Welcome to my blog..


"We struggle with dream figures and our blows fall on living faces." Maurice Merleau-Ponty

When I started this blog in 2011, I was in a time of transition in my life between many identities - that of Artistic Director of a company (Apocryphal Theatre) to independent writer/director/artist/teacher and also between family identity, as I discover a new family that my grandfather's name change at the request of his boss in WWII hid from view - a huge Hungarian-Slovak contingent I met in 2011. Please note in light of this the irony of the name of my recently-disbanded theatre company. This particular transition probably began in the one month period (Dec. 9, 2009-Jan. 7, 2010) in which I received a PhD, my 20 year old cat died on my father's birthday and then my father, who I barely knew, died too. I was with him when he died and nothing has been the same since. This blog is tracing the more conscious elements of this journey and attempt to fill in the blanks. I'm also writing a book about my grandmothers that features too. I'd be delighted if you joined me. (Please note if you are joining mid-route, that I assume knowledge of earlier posts in later posts, so it may be better to start at the beginning for the all singing, all dancing fun-fair ride.) In October 2011, I moved back NYC after living in London for 8 years and separated from my now ex-husband, which means unless you want your life upended entirely don't start a blog called Somewhere in Transition. In November 2011, I adopted a rescue cat named Ugo. He is lovely. As of January 2012, I began teaching an acting class at Hunter College, which is where one of my grandmothers received a scholarship to study acting, but her parents would not let her go. All things come round…I began to think it may be time to stop thinking of my life in transition when in June 2012 my stepfather Tom suddenly died. Now back in the U.S. for a bit, I notice, too, my writing is more overtly political, no longer concerned about being an expat opining about a country not my own. I moved to my own apartment in August 2012 and am a very happy resident of Inwood on the top tip of Manhattan where the skunks and the egrets roam in the last old growth forest on the island.

I am now transitioning into being married again with a new surname (Barclay-Morton). John is transitioning from Canada to NYC and as of June 2014 has a green card. So transition continues, but now from sad to happy, from loss to love...from a sense of alienation to a sense of being at home in the world.

As of September 2013 I started teaching writing (composition and rhetoric) as an adjunct professor at Fordham University, which I have discovered I love with an almost irrational passion. So blessed for the opportunity and hope to find a more permanent job doing same.

I worked full time on the book thanks to a successful crowd-funding campaign in May 2014 and completed it at two residencies at Vermont Studio Center and Wisdom House in summer 2015. I have done some revisions and am shopping it around to agents and publishers now, along with having written a rough draft of a new book and some other projects.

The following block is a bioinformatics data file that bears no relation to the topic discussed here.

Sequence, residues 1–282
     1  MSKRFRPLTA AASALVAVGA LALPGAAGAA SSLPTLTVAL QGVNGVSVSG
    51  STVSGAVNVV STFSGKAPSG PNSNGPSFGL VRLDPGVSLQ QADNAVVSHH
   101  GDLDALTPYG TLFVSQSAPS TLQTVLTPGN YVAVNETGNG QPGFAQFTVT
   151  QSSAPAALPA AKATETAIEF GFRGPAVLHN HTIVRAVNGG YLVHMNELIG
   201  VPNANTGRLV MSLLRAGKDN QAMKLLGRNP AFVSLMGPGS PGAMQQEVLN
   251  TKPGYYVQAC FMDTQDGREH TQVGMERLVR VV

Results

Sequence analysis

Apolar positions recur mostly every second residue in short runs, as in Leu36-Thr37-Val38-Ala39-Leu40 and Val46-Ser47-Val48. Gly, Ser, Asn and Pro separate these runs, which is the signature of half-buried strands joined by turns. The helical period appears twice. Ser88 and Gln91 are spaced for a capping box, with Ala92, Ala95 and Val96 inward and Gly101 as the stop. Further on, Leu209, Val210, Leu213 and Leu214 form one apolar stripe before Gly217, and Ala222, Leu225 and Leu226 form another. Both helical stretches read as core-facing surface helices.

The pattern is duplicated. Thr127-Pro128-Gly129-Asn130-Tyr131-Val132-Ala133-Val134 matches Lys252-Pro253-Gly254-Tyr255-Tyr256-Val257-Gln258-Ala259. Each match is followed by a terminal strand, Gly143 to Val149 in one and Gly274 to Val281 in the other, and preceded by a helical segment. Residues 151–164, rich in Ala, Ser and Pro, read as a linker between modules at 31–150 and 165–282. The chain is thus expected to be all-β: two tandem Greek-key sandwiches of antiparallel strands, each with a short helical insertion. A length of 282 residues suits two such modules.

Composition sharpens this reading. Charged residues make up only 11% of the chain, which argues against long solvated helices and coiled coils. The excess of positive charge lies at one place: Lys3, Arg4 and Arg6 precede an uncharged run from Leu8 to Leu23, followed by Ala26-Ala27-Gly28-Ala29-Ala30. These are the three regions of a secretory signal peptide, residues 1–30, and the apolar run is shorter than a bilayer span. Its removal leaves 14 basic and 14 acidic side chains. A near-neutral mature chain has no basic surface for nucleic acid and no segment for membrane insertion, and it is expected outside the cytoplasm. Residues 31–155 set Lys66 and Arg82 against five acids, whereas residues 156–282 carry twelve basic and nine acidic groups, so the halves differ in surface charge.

Not sure when transition ends, if it ever does. As the saying goes, the only difference between a sad ending and a happy ending is where you stop rolling the film.

For professional information, publications, etc., go to my linked in profile and website for Barclay Morton Editorial & Design. My Twitter account is @wilhelminapitfa. You can find me on Facebook under my full name Julia Lee Barclay-Morton. More about my grandmothers' book: The Amazing True Imaginary Autobiography of Dick & Jani


Monday, April 30, 2012

gorgeous day here in Inwood

It was beautiful today so went apartment hunting, had to fill out another teaching application but in between walked to the water.  The tide was going out so bay area turned into mudflats with rivulets.  Birds walking and swimming, including seagulls, ducks, Canadian geese and a beautiful heron.  There was a moment watching the water shimmer across the flats when a breeze made it looked like a translucent blanket of diamonds that was breathtaking.  Then watching the millions of little ovals of light from the setting sun on one area...walking back from a point, each path of a bird in the water was lit, so there were lines darting out behind each white gull.  There were at least 20 or so birds in the bay, so it made a pattern of indescribably beauty and asymmetry.  In these moments, it's hard to believe anything ever bothers me...ever.  Especially bullshit about status and accomplishments.  When the heron spreads out to its full wingspan and it lands again on those impossibly thin legs, what is there to do precisely?  What could possibly top that?

Once again, I recommit to staying up in this neighborhood, because it never fails to blow my mind as I'm waxing poetic about nature that I am standing at the top tip of Manhattan.

Another viewpoint that cannot be topped is standing beneath the Henry Hudson Bridge - seeing the perfect geometry of diamond-shaped squares receding behind one another.

I have taken photos of all of this but somehow enjoy the challenge right now of describing these sights.